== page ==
Small business owners were constantly approaching Dana Gordon for legal advice.
The Richmond lawyer’s friends and colleagues, many of who were sole proprietors, complained that lawyers’ fees were far too exorbitant for them.
“So many told me that they often avoided or neglected to go to a lawyer because either it was way to expensive or they felt intimidating by large firms,” said the mother of two young children and one on the way. “I did some research and I couldn’t find any lawyer who was servicing small business owners without charging them hefty fees. They also charge for expenditures such as faxing, copying, long distance or other incidentals, which I don’t.”
In January, she founded Benchmark Law Corporation.
What makes her stand out — besides working virtually from her home to cut down on overhead and dealing specifically with small business owners with fewer than 10 employees — is that she offers a flat fee for most services, something she says is rare in the law world. (Her hourly fee is $225).
She left her position as British Columbia Medical Association (BCMA) in-house counsel, where for four years she was responsible for negotiating and drafting contracts with the provincial government.
“Prior to that I was a litigator with a small downtown firm,” Gordon, said, adding she has practiced law in the province for more than seven years. “Going out alone with no guaranteed paycheque, while balancing a mortgage and family, is not something everyone wants to do at this point in their lives.
“But, I feel really good about my decision to take this on and I’ve proven I can make a difference to those businesses who need legal work, but can’t spend thousands going after it.”
Having said that, Gordon concedes having a family also played a role in her decision to branch out on her own.
According to the Law Society of B.C. family responsibilities is one of the major reasons female lawyers leave the profession. (April 2012 statistics show of the practicing lawyers 6,767 are men and 3,836 women; of the non-practicing lawyers 635 are male and 812 are female).
“Having a family was definitely a reason why I wanted to go out on my own,” she added. “I now have the ability to go to my child’s Mother’s Day concert. If my son is sick, I can take him to the doctor.”
Although, Gordon said while she worked at BCMA, her job was nine to five.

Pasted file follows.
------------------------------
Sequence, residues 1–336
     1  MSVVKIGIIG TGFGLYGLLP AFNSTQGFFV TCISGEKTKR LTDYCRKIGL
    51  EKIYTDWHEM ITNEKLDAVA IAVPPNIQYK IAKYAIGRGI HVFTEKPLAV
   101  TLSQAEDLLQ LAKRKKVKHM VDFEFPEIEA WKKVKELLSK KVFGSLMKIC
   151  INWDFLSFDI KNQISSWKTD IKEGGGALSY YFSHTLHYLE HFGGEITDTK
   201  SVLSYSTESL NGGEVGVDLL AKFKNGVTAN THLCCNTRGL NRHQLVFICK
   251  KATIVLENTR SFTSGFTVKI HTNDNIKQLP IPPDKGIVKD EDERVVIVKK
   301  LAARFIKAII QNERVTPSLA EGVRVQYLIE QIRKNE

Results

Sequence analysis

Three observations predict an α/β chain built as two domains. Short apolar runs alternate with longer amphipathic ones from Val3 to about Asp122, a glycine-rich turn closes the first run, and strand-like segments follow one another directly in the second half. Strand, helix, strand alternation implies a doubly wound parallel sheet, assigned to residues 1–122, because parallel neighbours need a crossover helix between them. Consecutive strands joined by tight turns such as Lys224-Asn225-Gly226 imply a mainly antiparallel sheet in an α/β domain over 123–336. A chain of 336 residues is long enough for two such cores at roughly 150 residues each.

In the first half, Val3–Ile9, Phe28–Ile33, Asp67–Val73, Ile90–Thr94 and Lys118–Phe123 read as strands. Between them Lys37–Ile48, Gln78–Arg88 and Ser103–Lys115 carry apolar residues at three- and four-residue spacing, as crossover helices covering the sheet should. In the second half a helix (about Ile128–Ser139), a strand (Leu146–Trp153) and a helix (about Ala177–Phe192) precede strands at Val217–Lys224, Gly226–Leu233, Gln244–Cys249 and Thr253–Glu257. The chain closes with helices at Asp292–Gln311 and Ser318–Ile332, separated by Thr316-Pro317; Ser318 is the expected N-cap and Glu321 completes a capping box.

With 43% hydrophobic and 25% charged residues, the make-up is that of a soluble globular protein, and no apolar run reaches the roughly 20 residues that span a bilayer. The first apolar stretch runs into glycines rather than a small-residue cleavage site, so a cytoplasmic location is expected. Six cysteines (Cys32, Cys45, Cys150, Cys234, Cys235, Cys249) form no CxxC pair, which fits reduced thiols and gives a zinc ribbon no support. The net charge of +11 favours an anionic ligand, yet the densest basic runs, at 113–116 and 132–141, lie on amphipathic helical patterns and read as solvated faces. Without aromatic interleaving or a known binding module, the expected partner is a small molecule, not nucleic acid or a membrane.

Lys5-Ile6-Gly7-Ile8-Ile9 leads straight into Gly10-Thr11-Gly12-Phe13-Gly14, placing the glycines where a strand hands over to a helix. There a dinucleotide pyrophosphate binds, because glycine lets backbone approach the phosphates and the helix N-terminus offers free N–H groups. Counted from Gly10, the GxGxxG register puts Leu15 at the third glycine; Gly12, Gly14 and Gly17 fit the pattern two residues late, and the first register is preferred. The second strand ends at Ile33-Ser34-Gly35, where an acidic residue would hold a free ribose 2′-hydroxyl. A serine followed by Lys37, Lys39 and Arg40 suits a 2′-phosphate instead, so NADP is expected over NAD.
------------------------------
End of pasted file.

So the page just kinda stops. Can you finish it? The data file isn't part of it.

“Going out on my own gave me even more freedom and flexibility,” she added. “When you work for a firm, your life isn’t your own. I have female lawyer friends who are married, but have postponed having children because the hours are long.”
Marzena Kiernicka, Free to Be Fashion House sole proprietor, made the move from a regular law firm to Benchmark Law Corporation.
“Dana was very helpful, but the main thing is she is servicing smaller businesses and her prices are way better,” said Kiernicka. “I’m just starting a new business and most lawyers charge an arm and a leg. Dana is an entrepreneur and understand small business owners and their financial struggles.”
According to the Canadian Bar Association many variables go into what a lawyer’s hourly fee is — years of experience, how extensive a contract is, location of the firm and the reputation of the firm.
Its website (http://www.cba.org/bc/public_media/lawyers/438.aspx) states, “No rule controls how much lawyers can charge or how they can bill you — the market decides these things. Lawyers usually bill you in one of the following four ways: fixed fee, hourly rate, contingency fee, or lump sum.”
For more information about Benchmark Law Corporation, call 778-371-3446 or visit www.benchmarklaw.ca.
(Courtesy of the Law Society of B.C.)
- Women leaving private practice found that maternity and parenting responsibilities were significant factors leading to their decision.
- In B.C., women have been entering the profession in numbers equal to, or greater than men for more than a decade.
- Of all women called to the bar in 2003, only 66 per cent retained their practicing status in 2008.
- The average cost of an associate leaving a law firm has been estimated at $315,000.
- To read the full report, visit www.lawsociety.bc.ca/docs/publications/reports/Retaining-women-business-case.pdf.